Schroll says companies should be using WPA2 protocols, not the antiquated WEP or WPA. Additionally, your router password needs to be as strong as all other passwords. Never use a default password and make certain it is nothing that can be easily guessed (your company address, for instance).
According to Schroll, passwords are like underpants -- they need to be changed often, kept private and never shared with anyone. The best passwords are long, use a combination of uppercase and lowercase letters, numbers and symbols, and are different across accounts.
Schroll suggests using phrases, which are easier to remember. For example, consider this famous phrase from the movie, Forrest Gump, "Life's a box of chocolates, Forrest. You never know what you're gonna get," which would translate to a very effective password "L'aboc,F.Ynkwy'gg."
While keeping track of all of these passwords may be overwhelming, consider a service, such as 1Password or LastPass to maintain and keep your passwords secure.
Related: Apple's New 6-Digit Passcodes: What Do They Mean for Your BYOD Policy?
5. Two-factor authentication
Even with difficult passwords, good hackers still have ways to penetrate account security. For this reason, businesses should strongly consider using two-factor authentication (2FA). Most large companies, such as Google, Apple and Dropbox, offer 2FA with a mobile phone number or email account, and apps such as Authy and Google Authenticator can help you implement it with other apps and services.
As more secure methods continue to be developed, such as fingerprint and facial recognition and even ultrasonic sounds, companies should not shy away from updating security measures as often as needed to stay ahead of hackers.
6. Email security
If you protect nothing else, Schroll emphasizes the need to at least protect email accounts. Consider that once hackers get into an email account, it is not difficult to get access to other accounts, considering your email account is typically how you reset forgotten passwords. While it is old news, Schroll says to never click links in emails or attachments, as many take you to phishing sites that look remarkably like real sites. Instead, open a website by creating a new tab on your browser and typing the website URL.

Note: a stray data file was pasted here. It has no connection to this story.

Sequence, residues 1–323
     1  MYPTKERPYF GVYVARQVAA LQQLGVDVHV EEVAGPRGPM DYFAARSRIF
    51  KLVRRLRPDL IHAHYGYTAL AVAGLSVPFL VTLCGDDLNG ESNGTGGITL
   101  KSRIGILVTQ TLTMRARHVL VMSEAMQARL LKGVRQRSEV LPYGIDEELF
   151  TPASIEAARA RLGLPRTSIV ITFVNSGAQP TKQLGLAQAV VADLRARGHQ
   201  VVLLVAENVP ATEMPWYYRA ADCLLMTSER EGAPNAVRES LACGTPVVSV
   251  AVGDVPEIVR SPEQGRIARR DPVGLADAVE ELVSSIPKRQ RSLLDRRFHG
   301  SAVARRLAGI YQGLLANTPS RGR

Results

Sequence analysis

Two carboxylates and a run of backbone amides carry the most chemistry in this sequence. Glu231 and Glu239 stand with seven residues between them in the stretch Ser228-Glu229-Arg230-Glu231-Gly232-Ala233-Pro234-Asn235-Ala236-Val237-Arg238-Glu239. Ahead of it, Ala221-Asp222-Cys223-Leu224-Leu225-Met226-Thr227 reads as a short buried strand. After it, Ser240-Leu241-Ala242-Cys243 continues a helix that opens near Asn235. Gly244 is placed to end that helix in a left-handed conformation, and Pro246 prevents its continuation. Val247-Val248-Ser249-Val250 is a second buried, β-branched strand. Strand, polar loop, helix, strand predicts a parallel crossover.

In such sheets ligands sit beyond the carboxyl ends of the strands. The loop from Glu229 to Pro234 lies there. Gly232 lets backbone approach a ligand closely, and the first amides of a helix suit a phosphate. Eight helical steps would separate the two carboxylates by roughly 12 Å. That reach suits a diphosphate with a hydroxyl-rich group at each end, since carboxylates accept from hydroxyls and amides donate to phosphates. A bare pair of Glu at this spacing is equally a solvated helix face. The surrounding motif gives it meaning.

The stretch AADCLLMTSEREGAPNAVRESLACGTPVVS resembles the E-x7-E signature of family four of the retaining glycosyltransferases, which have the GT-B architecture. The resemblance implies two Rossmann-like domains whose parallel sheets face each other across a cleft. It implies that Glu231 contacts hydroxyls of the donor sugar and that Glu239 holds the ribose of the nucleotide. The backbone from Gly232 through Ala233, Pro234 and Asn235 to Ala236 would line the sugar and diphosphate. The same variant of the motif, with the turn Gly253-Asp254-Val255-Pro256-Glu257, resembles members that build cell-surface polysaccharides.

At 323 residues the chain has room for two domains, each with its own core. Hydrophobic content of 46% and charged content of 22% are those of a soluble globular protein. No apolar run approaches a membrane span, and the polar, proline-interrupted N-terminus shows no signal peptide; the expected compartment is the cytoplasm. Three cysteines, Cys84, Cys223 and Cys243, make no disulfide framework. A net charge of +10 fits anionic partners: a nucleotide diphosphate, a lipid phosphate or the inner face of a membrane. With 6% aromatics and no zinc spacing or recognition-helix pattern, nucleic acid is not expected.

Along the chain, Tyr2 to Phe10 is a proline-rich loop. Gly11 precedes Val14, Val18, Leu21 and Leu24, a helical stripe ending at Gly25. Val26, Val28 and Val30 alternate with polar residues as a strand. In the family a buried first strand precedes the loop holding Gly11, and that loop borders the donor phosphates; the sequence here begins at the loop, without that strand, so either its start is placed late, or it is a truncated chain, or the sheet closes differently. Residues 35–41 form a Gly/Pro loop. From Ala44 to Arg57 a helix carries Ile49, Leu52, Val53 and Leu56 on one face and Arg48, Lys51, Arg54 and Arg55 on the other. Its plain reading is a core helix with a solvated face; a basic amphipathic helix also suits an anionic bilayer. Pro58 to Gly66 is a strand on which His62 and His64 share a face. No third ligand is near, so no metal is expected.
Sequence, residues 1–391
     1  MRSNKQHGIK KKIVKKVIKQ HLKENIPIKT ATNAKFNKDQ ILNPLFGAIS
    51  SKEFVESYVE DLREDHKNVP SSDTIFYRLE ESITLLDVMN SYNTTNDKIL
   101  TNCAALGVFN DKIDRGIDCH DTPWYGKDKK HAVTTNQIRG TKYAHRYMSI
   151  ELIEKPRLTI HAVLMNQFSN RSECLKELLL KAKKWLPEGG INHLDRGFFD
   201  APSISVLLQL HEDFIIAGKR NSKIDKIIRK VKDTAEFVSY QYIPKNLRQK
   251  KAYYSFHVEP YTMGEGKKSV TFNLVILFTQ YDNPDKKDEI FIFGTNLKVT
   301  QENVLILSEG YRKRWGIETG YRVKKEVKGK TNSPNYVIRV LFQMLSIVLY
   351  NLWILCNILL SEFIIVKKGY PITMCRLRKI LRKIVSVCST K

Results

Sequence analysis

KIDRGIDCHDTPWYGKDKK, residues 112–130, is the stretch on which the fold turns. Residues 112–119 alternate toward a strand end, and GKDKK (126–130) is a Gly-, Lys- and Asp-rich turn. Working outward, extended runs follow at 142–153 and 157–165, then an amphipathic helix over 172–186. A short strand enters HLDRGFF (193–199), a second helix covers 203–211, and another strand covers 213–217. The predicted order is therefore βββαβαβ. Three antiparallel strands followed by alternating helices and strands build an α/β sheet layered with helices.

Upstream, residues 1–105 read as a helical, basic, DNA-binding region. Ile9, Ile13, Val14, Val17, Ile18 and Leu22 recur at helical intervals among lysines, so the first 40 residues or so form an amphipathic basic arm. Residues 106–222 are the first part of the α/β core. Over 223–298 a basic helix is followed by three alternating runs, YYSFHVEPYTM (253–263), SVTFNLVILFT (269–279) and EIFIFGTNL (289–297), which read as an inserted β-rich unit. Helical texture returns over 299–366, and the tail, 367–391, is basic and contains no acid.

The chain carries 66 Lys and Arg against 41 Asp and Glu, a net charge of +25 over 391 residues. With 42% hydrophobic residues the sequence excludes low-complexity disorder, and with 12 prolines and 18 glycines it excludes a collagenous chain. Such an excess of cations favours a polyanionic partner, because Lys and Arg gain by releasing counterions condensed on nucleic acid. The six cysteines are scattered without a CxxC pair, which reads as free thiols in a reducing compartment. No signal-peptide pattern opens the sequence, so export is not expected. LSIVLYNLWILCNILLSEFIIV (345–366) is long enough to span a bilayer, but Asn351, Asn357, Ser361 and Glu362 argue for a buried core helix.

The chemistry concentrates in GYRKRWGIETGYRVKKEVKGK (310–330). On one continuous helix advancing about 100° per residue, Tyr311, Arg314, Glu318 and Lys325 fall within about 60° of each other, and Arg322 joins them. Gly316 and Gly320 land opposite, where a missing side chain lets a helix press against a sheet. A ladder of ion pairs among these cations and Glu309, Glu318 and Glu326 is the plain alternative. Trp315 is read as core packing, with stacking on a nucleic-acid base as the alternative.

Schroll goes further to recommend using Gmail and Google Apps (with 2FA, of course), as Google has superior spam, virus and phishing protections.
Most anti-virus software has services that assist in keeping email accounts and other sensitive information safe. Even the best software, however, has vulnerabilities. Malicious software viruses are being created at breakneck speed, and virus-protection companies have difficulty keeping track of all of them on their "blacklists."
For this reason, businesses should consider using a service that employs a "whitelist," such as PC Matic. With whitelist protection, the security only allows software and programs that are pre-approved to be downloaded, adding an additional layer of protection to your system.
Understand that your business stands a very, very good chance of getting hacked -- it is just a matter of when. Take the appropriate measures to secure your hardware, software and cloud accounts, and have a clear, detailed and stated information and technology security policy.
Remember: Stay out of online chat rooms and never, under any circumstance, mess with teenage hackers or anyone with a profile name that sounds like a mob boss or fantasy wizard with too many misplaced uppercase letters.
Related: 5 Growing Cyber-Security Epicenters Around the World